There's a terrific piece by Chris Bryant on the 'pernicious' influence of Rebekah Brooks in the Gruniad: 'With the news yesterday that Neil Wallis walked out of News International and into the Met and Andy Hayman walked out of the Met into News International it is difficult not to conclude that NI under Brooks had managed to get its tentacles into every nook and cranny of the British state and turned the Met into a partly owned subsidiary. In all this the Murdochs, James and Rupert, have yet again shown their arrogance. First they tried a hush-money strategy, paying the best part of one million pounds apiece to Max Clifford and Gordon Taylor in exchange for confidentiality clauses, in the hope that none of what had gone on at the paper would come out. Next, once the Met had been forced to reopen the investigation in January this year, came the plimsoll line strategy, drawing a line round the ship and chucking people overboard as the water rose.'

In non-news International media news Doctor Who actor Matt Smith made a surprise appearance in a highly acclaimed immersive theatre production based on the TV show. Smith appeared in character in front of twenty five fans aged nine to twelve at a performance of The Crash of the Elysium at the Manchester International Festival. The show puts the audience at the heart of a Doctor Who adventure and are told it is up to them to save the world. Smith is normally seen on screens but appeared in person on Friday. The Crash of the Elysium, created by theatre company Punchdrunk, has earned a series of five-star reviews in national newspapers. The audience members are told to wear chemical decontamination suits as they are led through a series of rooms by actors dressed as soldiers, looking for clues and being chased by the Doctor's enemies. Smith said the show was 'a marriage made in creative space heaven. I've always watched Punchdrunk shows and marvelled at their inventiveness and individuality,' he said. 'Put that together with Doctor Who and there is a wonderful template to tell unique stories in unique ways. The Doctor would definitely approve.' The Crash of the Elysium is one of the highlights of the Manchester International Festival, which ends on Sunday and also involves new works by Victoria Wood - which'll be diarrhoea, just like everything else she's ever done - Damon Albarn - ditto - and Marina Abramovic.

It was billed as 'carmageddon', with chaos expected when a ten-mile stretch of one of America's busiest motorways was shut down for more than forty eight hours. The 405 highway was closed at midnight Friday so that a section of the bridge could be demolished, but so far, predictions of a traffic gridlock throughout the city appear to have been averted. The BBC's Alastair Leithead reports from Los Angeles.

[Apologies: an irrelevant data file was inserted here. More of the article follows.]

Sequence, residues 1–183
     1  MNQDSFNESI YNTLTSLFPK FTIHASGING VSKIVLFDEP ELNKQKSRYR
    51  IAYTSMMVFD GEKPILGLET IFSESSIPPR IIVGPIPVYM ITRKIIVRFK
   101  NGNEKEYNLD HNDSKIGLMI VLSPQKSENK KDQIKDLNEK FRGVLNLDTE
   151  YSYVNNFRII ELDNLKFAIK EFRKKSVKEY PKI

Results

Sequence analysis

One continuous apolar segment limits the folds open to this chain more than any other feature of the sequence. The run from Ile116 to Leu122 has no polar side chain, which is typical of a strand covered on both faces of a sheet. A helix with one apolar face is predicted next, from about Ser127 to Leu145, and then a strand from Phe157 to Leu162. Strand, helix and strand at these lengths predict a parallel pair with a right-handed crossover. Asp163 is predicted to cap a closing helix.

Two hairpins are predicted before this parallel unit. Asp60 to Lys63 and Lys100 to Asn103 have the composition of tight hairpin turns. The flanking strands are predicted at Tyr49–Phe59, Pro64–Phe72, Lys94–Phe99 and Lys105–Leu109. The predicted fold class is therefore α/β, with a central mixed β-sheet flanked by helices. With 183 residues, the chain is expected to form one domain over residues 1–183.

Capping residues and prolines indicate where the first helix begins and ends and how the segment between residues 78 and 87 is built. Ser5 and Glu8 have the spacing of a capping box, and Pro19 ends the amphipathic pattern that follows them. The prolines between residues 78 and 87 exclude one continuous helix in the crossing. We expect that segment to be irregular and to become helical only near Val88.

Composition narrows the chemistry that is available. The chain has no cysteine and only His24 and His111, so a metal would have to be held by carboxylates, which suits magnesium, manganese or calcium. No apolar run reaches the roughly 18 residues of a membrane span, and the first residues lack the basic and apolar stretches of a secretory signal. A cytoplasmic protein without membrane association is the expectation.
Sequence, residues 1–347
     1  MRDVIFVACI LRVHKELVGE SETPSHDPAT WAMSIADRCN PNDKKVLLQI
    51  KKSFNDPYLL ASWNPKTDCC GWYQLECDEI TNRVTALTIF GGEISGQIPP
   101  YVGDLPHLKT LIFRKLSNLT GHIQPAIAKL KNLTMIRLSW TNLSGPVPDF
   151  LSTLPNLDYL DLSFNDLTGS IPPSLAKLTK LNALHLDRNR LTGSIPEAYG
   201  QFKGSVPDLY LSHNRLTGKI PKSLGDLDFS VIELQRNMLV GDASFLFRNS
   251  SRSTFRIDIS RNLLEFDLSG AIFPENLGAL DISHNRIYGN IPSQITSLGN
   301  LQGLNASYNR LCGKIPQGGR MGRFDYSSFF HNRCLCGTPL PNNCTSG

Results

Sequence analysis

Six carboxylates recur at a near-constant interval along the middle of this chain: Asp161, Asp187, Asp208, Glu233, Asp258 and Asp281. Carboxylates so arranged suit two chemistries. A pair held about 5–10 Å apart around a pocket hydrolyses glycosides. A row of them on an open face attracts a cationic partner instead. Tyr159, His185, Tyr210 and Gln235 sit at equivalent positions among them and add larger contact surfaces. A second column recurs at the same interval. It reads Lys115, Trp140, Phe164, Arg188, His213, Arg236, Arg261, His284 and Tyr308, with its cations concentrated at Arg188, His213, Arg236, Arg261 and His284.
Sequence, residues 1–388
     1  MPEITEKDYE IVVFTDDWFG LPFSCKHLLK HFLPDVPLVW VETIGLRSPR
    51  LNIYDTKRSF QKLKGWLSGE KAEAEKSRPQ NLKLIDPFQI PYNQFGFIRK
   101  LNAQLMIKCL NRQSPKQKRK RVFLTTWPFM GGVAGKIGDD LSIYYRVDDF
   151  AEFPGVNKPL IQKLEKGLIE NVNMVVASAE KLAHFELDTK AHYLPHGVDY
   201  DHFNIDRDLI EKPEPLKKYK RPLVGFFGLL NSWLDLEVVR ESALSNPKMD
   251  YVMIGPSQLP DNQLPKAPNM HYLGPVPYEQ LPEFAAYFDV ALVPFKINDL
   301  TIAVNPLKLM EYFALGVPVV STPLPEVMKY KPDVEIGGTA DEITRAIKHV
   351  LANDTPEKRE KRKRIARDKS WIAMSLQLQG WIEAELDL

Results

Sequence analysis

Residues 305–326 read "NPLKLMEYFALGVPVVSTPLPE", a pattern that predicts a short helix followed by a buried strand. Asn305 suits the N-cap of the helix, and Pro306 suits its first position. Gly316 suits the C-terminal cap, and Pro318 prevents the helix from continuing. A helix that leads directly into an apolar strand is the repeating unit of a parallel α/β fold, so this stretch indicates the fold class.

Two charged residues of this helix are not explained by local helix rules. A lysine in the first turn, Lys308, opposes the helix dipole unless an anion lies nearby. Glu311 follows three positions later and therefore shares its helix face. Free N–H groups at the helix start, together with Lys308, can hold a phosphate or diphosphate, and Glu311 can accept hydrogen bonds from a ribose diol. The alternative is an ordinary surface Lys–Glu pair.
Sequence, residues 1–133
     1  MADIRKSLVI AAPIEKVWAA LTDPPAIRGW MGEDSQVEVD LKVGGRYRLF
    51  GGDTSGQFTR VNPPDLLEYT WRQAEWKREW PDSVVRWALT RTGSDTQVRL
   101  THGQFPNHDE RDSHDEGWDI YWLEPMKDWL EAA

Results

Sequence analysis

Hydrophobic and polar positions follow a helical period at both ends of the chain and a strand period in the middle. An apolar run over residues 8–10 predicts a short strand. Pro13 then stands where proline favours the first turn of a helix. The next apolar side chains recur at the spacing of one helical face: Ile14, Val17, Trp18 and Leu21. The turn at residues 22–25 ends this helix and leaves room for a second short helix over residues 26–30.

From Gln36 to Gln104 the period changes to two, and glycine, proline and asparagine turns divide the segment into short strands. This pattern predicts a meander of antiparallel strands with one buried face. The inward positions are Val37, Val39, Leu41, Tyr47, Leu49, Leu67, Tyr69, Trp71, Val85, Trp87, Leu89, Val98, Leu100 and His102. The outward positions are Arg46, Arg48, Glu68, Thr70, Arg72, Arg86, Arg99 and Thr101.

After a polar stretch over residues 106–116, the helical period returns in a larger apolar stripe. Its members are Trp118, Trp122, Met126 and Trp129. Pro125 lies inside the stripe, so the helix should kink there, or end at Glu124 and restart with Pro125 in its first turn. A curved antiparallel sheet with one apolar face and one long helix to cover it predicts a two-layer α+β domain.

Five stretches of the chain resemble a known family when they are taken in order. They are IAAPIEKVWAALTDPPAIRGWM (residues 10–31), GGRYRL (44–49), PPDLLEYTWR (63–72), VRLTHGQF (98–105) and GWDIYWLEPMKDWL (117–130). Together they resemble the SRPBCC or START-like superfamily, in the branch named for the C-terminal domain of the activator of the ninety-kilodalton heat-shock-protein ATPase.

The actress Googie Withers, best known for starring in Alfred Hitchcock's The Lady Vanishes and TV series Within These Walls, has died in Australia aged ninety four. She was born Georgette Lizette Withers in Karachi, then part of British India to an English sailor and a Dutch mother. She died at her home on Friday. She was the first non-Australian to be awarded an Officer of the Order of Australia and was appointed a Commander of the Order of the British Empire. Her last role was in the 1996 Australian movie Shine. Withers's family moved back to Britain from India and she began acting at age twelve. She had been given her nickname Googie by her Indian nanny. A student at the Italia Conti Academy of Theatre Arts, she was a dancer in a West End production when she was offered work as a film extra in Michael Powell's The Girl in the Crowd. She arrived on the set to find one of the major players in the production had been dismissed and was immediately asked to step into the role. Withers appeared in dozens of films in the 1930s and 40s. She played Blanche in 1938's The Lady Vanishes, opposite Margaret Lockwood and Michael Redgrave. Later in her career she appeared in several television productions, including prison drama Within These Walls on ITV and the BBC's Hotel du Lac and Northanger Abbey. While filming The Loves of Joanna Godden (1947), Withers met her co-star, the Australian actor John McCallum. They were married on 24 January the following year. They remained married until McCallum's death on 3 February 2010. In 1958, Withers moved to Australia with her husband - he helped create the classic television series, Skippy the Bush Kangaroo. The couple co-starred in ten films, and they lived together in Sydney until McCallum died last year at the age of ninety one. In 2004, Withers came back into the news when a character on the ITV soap Coronation Street, Norris Cole, said 'Googie Withers would turn in her grave.' Granada Television was subsequently forced to apologise a week later when they realised that she was, in fact, very much alive. Made a CBE for her services to acting in 2002, that year Withers, aged eighty five, appeared with Vanessa Redgrave in Oscar Wilde's Lady Windermere's Fan in London's West End. She is survived by her three children three children, the actress Joanna McCallum, art director Nicholas and Amanda.

And, so to yer actual Keith Telly Topping's 45 of the Day. Which is, sort of, self-explanatory, really.